United States District Court, M.D. Florida, Tampa Division
DEVELOPMENTAL TECHNOLOGIES, LLC, a Florida limited liability company, Plaintiff,
MITSUI CHEMICALS, INC., a foreign corporation, and MITSUI CHEMICALS AMERICA, INC., a foreign corporation, Defendants.
D. WHITTEMORE United States District Judge
THE COURT is Defendant Mitsui Chemicals, Inc.'s
Motion to Dismiss Count III (Misappropriation of Idea) of the
Second Amended Complaint (Dkt. 82), and Plaintiff
Developmental Technologies, LLC's response (Dkt.
Upon consideration, the Motion (Dkt. 82) is
Technologies, LLC (“DTL”), a research and
development company, developed and patented an irrigation
system, Eco-Ag, which delivers “water and nutrients to
plant life using a mix of patented and proprietary
methods.” (Dkt. 51 at ¶¶ 8, 11). Mitsui
Chemicals, Inc. (“MCI”), a Japanese corporation,
“develops chemical products and technologies.”
(Dkt. 37, p. 5).
2010, DTL and MCI began communicating about MCI's
possible acquisition of DTL's irrigation product systems,
including the Eco-Ag system. (Dkt. 51 at ¶¶ 15-16).
After initial talks, MCI informed DTL that it would like to
visit DTL's facilities to inspect the irrigation systems.
(Id. at ¶ 21). Shortly thereafter, MCI
“entered into a Non-Disclosure and Non-Use
Agreement” (“NDA”) with DTL, which
“established guidelines for the use and disclosure of
confidential and proprietary information that would be
disclosed . . . .” (Id. at ¶¶
27-28). After executing the NDA, representatives from MCI
visited DTL's facility in Bradenton, Florida.
(Id. at ¶ 29). During and after this visit, DTL
disclosed confidential information relating to the Eco-Ag
product to MCI. (Id. at ¶ 33).
agreement for MCI to purchase the Eco-Ag system never
materialized and DTL alleges that MCI is currently marketing
two crop irrigation products that “use the Confidential
Information disclosed to [MCI] while under the NDA . .
.” (Id. at ¶¶ 40-41, 44) and that
MCI filed a foreign patent application “in direct
violation of the NDA.” (Id. at ¶¶
remaining counts of the Second Amended Complaint, DTL brings
this action against MCI for the misappropriation of trade
secrets in violation of the Florida Uniform Trade Secrets
Act, Fla. Stat. § 688.001 et seq. (“FUTSA”)
(Count I); misappropriation of idea (Count III); and breach
of contract (Count V). (Dkt. 51, pp. 12-19). MCI moves to
dismiss Count III.
complaint should contain “a short and plain statement
of the claim showing that the pleader is entitled to
relief.” Fed.R.Civ.P. 8(a)(2). This rule does not
require detailed factual allegations, but it demands more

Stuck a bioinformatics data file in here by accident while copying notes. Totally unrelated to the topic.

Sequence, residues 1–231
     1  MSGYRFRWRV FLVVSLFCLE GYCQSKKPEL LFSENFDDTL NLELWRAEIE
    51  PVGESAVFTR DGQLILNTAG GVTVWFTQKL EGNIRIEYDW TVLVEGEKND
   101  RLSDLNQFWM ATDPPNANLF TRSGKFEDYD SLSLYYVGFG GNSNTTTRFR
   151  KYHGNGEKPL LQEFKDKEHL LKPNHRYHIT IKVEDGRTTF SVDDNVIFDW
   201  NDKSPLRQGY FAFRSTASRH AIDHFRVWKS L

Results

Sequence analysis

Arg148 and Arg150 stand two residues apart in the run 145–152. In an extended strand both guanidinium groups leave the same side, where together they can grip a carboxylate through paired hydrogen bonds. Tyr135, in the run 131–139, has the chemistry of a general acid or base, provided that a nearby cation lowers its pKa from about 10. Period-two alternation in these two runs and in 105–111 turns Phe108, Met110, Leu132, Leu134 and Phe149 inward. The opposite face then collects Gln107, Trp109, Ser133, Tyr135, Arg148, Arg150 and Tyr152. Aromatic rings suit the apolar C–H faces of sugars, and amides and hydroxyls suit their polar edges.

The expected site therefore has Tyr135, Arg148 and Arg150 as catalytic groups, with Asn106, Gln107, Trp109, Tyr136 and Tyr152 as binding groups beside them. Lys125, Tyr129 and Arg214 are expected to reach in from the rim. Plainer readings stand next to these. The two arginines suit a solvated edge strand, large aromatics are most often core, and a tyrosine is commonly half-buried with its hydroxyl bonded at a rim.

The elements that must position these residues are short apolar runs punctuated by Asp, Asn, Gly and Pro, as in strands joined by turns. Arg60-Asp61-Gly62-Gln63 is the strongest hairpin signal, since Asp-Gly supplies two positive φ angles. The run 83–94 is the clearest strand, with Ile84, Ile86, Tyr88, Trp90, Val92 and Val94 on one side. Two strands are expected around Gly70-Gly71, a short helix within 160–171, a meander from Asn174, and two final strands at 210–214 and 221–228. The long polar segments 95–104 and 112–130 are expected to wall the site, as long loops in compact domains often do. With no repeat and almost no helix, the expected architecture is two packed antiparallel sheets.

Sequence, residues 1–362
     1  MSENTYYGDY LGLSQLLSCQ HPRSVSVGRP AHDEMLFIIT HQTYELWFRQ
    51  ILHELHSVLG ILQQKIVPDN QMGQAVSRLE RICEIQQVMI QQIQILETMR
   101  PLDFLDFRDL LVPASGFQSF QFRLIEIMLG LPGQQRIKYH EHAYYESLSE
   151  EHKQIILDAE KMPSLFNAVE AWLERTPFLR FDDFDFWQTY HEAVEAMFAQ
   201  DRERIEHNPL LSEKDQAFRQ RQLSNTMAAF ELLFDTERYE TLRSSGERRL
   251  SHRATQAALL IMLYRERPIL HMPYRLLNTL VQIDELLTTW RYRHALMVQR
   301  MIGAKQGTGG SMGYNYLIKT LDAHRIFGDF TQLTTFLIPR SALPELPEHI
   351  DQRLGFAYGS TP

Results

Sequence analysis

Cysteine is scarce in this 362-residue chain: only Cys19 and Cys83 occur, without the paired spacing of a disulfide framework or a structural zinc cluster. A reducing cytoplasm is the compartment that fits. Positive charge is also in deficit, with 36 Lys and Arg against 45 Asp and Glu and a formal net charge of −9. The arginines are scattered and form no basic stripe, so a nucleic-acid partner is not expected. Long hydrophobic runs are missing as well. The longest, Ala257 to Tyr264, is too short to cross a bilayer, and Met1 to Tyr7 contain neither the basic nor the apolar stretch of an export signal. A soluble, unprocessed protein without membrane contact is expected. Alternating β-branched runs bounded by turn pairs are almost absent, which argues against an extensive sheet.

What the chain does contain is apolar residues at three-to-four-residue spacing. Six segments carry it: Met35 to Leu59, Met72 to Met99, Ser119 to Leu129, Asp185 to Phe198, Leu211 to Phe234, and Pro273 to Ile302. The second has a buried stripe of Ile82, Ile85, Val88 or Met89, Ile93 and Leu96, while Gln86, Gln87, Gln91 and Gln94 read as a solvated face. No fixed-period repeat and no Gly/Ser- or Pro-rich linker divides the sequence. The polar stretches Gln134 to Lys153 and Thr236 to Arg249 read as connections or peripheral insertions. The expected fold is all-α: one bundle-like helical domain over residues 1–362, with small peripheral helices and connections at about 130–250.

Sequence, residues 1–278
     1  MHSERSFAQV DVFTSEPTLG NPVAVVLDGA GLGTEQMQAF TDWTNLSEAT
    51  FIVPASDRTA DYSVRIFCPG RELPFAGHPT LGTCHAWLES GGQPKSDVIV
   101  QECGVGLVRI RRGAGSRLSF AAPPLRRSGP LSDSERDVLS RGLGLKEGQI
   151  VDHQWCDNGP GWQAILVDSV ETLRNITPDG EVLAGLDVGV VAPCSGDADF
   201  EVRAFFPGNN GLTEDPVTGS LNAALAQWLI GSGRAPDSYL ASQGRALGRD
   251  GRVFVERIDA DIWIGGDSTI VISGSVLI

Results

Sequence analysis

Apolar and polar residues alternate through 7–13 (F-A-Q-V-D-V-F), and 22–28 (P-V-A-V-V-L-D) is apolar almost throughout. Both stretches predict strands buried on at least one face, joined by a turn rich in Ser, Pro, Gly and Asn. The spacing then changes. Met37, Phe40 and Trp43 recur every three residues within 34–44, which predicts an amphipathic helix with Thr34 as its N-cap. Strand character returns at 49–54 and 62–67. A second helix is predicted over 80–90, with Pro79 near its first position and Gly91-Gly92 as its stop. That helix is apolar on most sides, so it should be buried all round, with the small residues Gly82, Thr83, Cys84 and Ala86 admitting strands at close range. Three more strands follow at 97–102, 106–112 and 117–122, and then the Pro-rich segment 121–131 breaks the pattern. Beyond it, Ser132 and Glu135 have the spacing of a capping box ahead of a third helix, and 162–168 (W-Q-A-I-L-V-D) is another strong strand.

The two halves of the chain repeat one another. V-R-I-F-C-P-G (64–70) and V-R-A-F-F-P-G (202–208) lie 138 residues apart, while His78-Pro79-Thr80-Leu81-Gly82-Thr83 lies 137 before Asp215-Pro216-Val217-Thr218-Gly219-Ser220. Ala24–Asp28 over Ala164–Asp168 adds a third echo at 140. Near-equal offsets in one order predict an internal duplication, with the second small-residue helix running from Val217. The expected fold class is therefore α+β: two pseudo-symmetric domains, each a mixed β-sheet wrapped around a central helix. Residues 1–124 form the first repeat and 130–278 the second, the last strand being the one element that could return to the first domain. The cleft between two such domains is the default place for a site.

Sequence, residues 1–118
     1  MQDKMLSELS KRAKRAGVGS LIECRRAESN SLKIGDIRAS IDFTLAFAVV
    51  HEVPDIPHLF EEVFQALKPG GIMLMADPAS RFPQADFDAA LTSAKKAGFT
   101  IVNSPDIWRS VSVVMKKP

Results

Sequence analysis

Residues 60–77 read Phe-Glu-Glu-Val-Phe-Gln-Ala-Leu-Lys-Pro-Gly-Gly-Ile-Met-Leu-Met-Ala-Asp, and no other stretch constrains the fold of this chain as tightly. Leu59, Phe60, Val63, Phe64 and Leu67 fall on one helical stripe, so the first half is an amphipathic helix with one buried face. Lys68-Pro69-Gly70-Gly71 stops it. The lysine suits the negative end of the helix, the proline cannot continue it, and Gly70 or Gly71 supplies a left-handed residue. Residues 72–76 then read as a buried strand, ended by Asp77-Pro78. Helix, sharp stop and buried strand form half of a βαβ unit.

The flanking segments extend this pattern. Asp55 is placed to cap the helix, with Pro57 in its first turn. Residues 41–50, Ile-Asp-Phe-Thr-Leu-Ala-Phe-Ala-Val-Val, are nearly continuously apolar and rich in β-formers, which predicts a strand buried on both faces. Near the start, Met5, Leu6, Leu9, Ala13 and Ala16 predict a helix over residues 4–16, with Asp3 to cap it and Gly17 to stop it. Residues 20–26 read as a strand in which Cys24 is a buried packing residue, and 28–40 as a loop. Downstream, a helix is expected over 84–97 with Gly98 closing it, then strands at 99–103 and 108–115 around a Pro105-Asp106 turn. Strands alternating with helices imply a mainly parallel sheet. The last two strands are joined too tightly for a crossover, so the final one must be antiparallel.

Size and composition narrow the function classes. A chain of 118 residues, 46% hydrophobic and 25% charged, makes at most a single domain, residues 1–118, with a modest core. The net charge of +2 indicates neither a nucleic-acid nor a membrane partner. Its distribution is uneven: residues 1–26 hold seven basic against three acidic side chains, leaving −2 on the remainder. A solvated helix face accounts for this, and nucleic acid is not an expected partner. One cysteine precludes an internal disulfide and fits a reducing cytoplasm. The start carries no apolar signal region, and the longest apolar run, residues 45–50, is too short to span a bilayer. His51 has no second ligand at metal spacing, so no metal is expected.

than an unadorned, conclusory accusation of harm.
Ashcroft v. Iqbal, 556 U.S. 662, 678 (2009). The
complaint must “plead all facts establishing an
entitlement to relief with more than ‘labels and
conclusions' or a ‘formulaic recitation of the
elements of a cause of action.'” Resnick v.
AvMed, Inc., 693 F.3d 1317, 1324 (11th Cir. 2012)
(quoting Bell Atl. Corp. v. Twombly, 550 U.S. 544,
555 (2007)). A court's scope of review on a motion to
dismiss must be limited to the four corners of the complaint.
Grossman v. Nationsbank, N.A., 225 F.3d 1228, 1231
(11th Cir. 2000).
it is axiomatic that a complaint's allegations must be
accepted for purposes of a motion to dismiss, this is
“inapplicable to legal conclusions.”
Iqbal, 556 U.S. at 678. “While legal
conclusions can provide the framework of a complaint, they
must be supported by factual allegations.” Id.
at 679. And all reasonable inferences must be drawn in
DTL's favor. St. George v. Pinellas Cty., 285
F.3d 1334, 1337 (11th Cir. 2002).
moves to dismiss DTL's claim for misappropriation of idea
(Count III), arguing that the alleged misappropriation of
DTL's “Eco-Ag” irrigation technology is
barred by Florida's statute of frauds, Fla. Stat. §
501.972. (Dkt. 82, p. 1). As will be discussed, however, DTL
incorporates by reference an allegation into Count III of the
Second Amended Complaint which satisfies the writing
requirement in Fla. Stat. § 501.972(1). For purposes of
MCI's motion, that allegation must be accepted as true.
501.972(1) of the Florida Statutes provides:
Except as provided in subsection (2), the use of an idea,
procedure, process, system, method of operation, concept,
principle, discovery, thought, or other creation that is not
a work of authorship protected under federal copyright law
does not give rise to a claim or cause of action, in law or
in equity, unless the parties to the claim or cause of action
have executed a ...